Some of my best travel experiences are unplanned…

I had spent most of the day hiking the fishing villages in Cinque Terre, Italy and my legs begged for an afternoon break. Nessun Dorma, a wine bar perched high on a cliff in Manarola, was the perfect place to recover with the town’s best scenic view as a bonus! 


Their strawberries with sugar and lemon was a refreshing partner to my glass of local wine.

Then the best surprise…I discovered morning pesto classes were available here! Pesto classes in Italy’s most famous pesto region PLUS this view again…I immediately signed up for the next morning’s class.


Class started with each of us picking our own basil leaves from the restaurant’s small private garden. I was off with my small bowl and the instructions to only choose the small top leaves.


The necessary ingredients were ready for us…garlic, sea salt, tender pine nuts, and Parmesan cheese.

Plus extra virgin olive oil will be added as the last step.


Simone, our instructor and owner of Nessun Dorma, gave us his first Secrect to great pesto…he immediately placed ice cubes on top of our freshly picked basil leaves. The ice kept the leaves fresh and retained their beautiful green color for the pesto.


Simone is a perfectionist when it comes to flavor and taught us to cut out the tiny stem that runs through the garlic clove before crushing .


Then the fun began…in our mortars, we mixed sea salt and 1 big garlic clove until a white cream paste.


After removing the ice and drainng any water, we added our basil leaves, a sprinkle of pine nuts, and started more grinding. 



Now time to add  Parmesan cheese.  Simone leaves nothing to chance and insists we use Parmesan cheese that has aged 24 months.


I was excited as we added our last ingredient, extra virgin olive oil.


My most interesting discovery was the flavor difference between pesto made in a “new” marble mortar (on the left ) vs made in a seasoned, marble mortar from 1920s (on the right).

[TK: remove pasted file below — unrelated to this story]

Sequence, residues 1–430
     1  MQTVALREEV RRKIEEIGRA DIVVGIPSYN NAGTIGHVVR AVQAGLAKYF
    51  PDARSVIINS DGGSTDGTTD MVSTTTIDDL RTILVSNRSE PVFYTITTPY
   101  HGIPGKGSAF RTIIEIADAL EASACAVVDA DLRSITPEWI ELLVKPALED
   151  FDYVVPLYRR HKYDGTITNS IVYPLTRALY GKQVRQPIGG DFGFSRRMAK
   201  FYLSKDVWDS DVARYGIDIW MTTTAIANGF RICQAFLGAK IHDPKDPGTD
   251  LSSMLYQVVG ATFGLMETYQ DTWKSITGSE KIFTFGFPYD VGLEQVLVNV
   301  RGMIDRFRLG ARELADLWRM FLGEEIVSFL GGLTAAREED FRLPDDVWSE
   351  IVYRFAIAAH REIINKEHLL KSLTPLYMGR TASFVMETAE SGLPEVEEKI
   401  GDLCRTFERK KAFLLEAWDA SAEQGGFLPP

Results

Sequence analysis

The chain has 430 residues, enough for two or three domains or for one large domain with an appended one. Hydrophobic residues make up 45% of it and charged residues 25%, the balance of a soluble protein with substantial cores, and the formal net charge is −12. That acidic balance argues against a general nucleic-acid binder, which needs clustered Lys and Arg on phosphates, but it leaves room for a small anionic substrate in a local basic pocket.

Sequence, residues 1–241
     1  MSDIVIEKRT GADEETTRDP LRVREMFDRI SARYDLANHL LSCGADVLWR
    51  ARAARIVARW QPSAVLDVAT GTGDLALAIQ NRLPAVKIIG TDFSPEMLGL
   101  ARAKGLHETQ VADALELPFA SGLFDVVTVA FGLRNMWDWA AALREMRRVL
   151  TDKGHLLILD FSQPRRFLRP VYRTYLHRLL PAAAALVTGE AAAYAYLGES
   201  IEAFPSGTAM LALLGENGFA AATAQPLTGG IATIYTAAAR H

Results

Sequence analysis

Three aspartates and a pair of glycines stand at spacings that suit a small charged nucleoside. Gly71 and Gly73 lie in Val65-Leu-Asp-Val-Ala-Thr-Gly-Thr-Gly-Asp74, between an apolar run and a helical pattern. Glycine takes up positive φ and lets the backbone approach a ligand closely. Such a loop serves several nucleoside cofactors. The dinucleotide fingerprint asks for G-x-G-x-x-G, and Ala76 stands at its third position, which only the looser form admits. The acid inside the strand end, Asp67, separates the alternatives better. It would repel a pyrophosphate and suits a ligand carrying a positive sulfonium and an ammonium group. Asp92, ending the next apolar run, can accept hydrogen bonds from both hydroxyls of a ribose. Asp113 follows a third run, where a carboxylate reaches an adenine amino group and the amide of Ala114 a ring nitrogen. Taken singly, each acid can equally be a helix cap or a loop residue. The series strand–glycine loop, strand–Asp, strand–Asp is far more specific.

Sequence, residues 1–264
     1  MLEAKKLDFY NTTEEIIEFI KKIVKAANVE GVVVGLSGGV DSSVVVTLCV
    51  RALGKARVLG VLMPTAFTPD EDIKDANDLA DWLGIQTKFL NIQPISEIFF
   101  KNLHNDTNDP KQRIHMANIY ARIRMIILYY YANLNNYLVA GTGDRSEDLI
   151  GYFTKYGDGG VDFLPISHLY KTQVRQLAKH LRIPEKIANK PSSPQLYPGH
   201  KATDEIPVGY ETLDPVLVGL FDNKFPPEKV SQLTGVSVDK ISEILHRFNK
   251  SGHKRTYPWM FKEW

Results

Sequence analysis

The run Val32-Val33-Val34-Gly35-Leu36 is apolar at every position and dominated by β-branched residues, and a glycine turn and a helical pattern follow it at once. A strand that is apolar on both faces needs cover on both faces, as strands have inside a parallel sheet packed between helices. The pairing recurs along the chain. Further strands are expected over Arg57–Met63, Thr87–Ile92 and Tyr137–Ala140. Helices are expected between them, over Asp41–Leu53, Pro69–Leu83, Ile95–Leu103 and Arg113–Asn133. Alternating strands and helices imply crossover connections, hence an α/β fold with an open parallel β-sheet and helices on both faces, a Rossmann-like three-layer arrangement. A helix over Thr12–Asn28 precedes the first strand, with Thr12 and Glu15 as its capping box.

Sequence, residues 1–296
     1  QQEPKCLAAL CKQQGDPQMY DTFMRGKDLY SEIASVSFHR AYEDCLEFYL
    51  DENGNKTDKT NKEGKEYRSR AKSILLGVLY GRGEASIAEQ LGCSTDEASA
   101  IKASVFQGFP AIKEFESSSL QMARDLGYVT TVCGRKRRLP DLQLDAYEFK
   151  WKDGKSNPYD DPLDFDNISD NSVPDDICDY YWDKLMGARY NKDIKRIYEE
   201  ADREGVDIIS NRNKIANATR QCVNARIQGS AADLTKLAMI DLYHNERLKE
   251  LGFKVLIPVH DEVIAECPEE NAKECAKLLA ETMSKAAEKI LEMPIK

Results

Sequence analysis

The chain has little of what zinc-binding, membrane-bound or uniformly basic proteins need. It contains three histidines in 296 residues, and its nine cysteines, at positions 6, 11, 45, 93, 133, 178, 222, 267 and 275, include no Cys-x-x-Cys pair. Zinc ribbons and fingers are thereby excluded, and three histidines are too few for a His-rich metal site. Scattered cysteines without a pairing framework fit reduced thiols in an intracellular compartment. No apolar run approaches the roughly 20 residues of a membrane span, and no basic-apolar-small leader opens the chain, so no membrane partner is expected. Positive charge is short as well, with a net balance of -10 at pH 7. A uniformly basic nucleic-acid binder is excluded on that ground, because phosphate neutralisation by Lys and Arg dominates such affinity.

Simone had told us at the beginning of the class we would experience a flavor difference between the two mortars.

Seeing is believing ! 

The pesto in the older mortar was smoother and sweeter! (I am now searching for an aged mortar to bring home.) 

 Simone’s passion for food and non-stop enthusiasm made his pesto class the highlight of my Cinque Terre trip.


  1. anneharrison

    What an amazing experience! Off to cruise Venice to BArcelona in a few weeks, planning a day in the Cinque Terre. Not enough, I know, but I’m sure it will entice me to come back and do a pesto class


  2. Sarah Carlson

    I came across your MY AMAZING ITALIAN PESTO CLASS IN CINQUE TERRE | Passport and Curiosity website and wanted to let you know that we have decided to open our POWERFUL and PRIVATE web traffic system to the public for a limited time! You can sign up for our targeted traffic network with a free trial as we make this offer available again. If you need targeted traffic that is interested in your subject matter or products start your free trial today: Unsubscribe here:


  3. Angelee Borsellino

    I am so glad to see this post. After leaving there 2 weeks ago, I’ve been longing for Nessun Dorma’s pesto. Thank you so much for your blog and recipe.



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